Finally, I was able to take a tour to the Assam State Museum today. The museum has a sprawling mansion spread over three storeys and has a unique collection of artifacts, paintings, and sculptures preserved for the visitors. My short trip inside the museum today of two hours was full of information, and an enlightening experience. Presenting a photo-tour of the museum….
As I entered through the gates, the first artifact that I encountered was a 16th Century Snake Pillar of the reign Swargadeo Suhummong which was as a declaration of a treaty between the former and the Misimis in which the Misimis would give the Ahoms four basket-fulls of poison in exchange of which the Misimis would be allowed to dwell in the hills.
The First Floor
The first floor has a painting gallery depicting the various life phases of Mahatma Gandhi. Numerous photographs framed exquisitely and preserved inside the gallery gives a short insight into the life and work of Mahatma Gandhi, his childhood, adolescence and his transformation from a normal man to the Mahatma. The centre of the gallery poses an impressive effigy of the Mahatma.
I further explored the next room which was a painting gallery and had a collection of paintings of different styles, contemporary, oil on canvas, and fine art too. One of those paintings that instantly drew my attention was that of the war of Mahabharata, painted on fabric with fine brush strokes, and gave a panoramic view of the various episodes of the entire story.
The Second Floor
The second floor had the depiction of a typical Assamese Village with the explanation of the various norms of the community. A unique social institution called the Khel binds together all the small colonies (known as Chook, Kuchi or Paras) of different castes together within a particular village. The Khel governs the religious and social matters of the village and is generally the decision making body in the village.
A Namghar, is akin to a ceremonial area where the events of the village such as religious and cultural meetings take place. It also is a place where the people gather for celebrating their annual festivals and to resolve their internal disputes.
Further ahead was the replica of a village household with the description of its various rooms. Choraghar- The Drawing Room, Barghar– The Main House, Sorughar- The Subordinate House, Paakghar- The Kitchen House, Dhekisal- The Mortar House, Tatsal- The weaving shed, Gohalighar– The cattle shed, Bharalghar- The Granary constitute the house of a typical villager.
The Third Floor
The third floor was the Ethnography gallery having a collection of decoratives, wooden and earthen utensils, pots, urns, lampshades, bamboo furniture, fabric wall-hangings, paintings, drapery and shawls and all items that displayed the intricate artistry of the local handicraft industry. The rapid industrialization of the state has deeply affected the local village economy rendering severe damage to the age old local culture and customs.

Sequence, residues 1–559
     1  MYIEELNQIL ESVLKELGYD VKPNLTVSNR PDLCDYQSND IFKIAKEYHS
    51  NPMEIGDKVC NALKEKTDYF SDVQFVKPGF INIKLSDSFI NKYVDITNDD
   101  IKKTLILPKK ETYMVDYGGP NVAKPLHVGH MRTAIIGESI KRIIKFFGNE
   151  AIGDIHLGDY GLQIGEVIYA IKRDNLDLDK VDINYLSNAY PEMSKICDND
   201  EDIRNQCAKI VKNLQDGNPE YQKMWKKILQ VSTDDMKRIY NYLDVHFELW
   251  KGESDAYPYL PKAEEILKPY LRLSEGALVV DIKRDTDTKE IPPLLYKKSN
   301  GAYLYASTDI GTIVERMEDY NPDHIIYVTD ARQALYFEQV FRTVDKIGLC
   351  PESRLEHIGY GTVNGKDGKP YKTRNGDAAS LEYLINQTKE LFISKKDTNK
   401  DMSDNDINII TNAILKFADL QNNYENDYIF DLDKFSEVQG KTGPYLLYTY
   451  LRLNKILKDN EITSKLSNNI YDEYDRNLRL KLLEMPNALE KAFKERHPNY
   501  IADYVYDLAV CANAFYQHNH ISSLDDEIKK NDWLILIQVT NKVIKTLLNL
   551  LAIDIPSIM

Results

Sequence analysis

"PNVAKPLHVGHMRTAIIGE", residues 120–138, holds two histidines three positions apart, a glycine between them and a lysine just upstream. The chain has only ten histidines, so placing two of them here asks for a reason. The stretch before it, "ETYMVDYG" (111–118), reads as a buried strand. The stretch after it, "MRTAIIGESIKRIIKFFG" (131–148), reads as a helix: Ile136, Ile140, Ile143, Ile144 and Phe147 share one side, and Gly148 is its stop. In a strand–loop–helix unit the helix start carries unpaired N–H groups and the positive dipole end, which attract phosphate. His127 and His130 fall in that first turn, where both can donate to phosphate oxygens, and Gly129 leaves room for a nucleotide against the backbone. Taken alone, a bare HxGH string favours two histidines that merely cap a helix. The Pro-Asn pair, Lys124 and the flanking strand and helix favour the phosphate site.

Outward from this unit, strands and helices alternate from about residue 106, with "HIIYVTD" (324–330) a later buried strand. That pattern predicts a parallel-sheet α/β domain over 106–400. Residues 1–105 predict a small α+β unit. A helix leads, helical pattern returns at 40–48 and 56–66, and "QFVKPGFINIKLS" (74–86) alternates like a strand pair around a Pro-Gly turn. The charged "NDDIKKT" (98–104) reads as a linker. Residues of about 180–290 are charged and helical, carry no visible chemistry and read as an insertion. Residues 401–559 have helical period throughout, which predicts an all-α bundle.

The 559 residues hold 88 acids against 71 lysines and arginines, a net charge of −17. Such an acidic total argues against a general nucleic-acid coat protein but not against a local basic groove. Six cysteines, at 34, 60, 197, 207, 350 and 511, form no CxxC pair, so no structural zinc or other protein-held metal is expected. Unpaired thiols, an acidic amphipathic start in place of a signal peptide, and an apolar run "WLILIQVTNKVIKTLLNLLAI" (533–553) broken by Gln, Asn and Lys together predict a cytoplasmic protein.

The Alley had a collection of stone artifacts and statues as old as the 16th Century. The museum has well-preserved the age old artifacts and consists of sculptures of Lord Vishnu, Lord Agni, Lord Surya, Lord Shiva (Nataraja), Goddess Ganga to name a few.
Back to the Ground Floor
Finally, as I made my way to the ground floor down the alley, I entered the last of the galleries which was an Arms & Ammunition Gallery. Containing arms and weapons of the medieval period to the modern weapons of the WW-II, this gallery has a collection of swords, spears, machine-guns, rifles, and drop bombs. It reminded of the ages of violence and blood-shed that the state has witnessed, yet able to come up with such magnificence in culture.
An insightful video programme called the Lightning Testimonies also formed a part of the museum visit; the programme highlighted the real-life events and incidences of atrocities on women and was showcased as a tribute to protection of the rights and respect of the women in the society at large. The video show is a conception of Mr. Amar Kanwar, and was scheduled to end this month; however it has gained immense popularity because of its subject and real life projections and hence has been extended for another month until the end of June. I can only say one thing- it was breathtaking, see it to believe it!!!
It was time to bid a good bye here, as I had plans to move further ahead, to venture the rest of Guwahati ‘properly’ today. The visit to the Assam State Museum’ was long overdue. This time, I made the most of the opportunity and for me, it was a lucky day today.
Just 1.4 Km walk from the Guwahati Railway Station, the Assam State Museum is located opposite the Prashanti Udyan Park. The entry charges are Rs.10/- normal charges and Rs.15/- with a camera. The museum remains open from 10:00 a.m in the morning to 4:30 pm in the evening. You can get moire information about the museum on assam.gov.in. You can also reach them at +91-361- 254 0651.
3 Comments Add yours
Interesting museum, I would gladly visit. Liked everything on your photos except contemporary paintings, but that’s the question of my personal preferences.
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Thanks Antonia..I was able to relate to them more closely as I have seen them from close. As I mentioned,one needs to witness it for a more closer experience. There is a different vibrance about North East India altogether and that requires a journey and a stay here.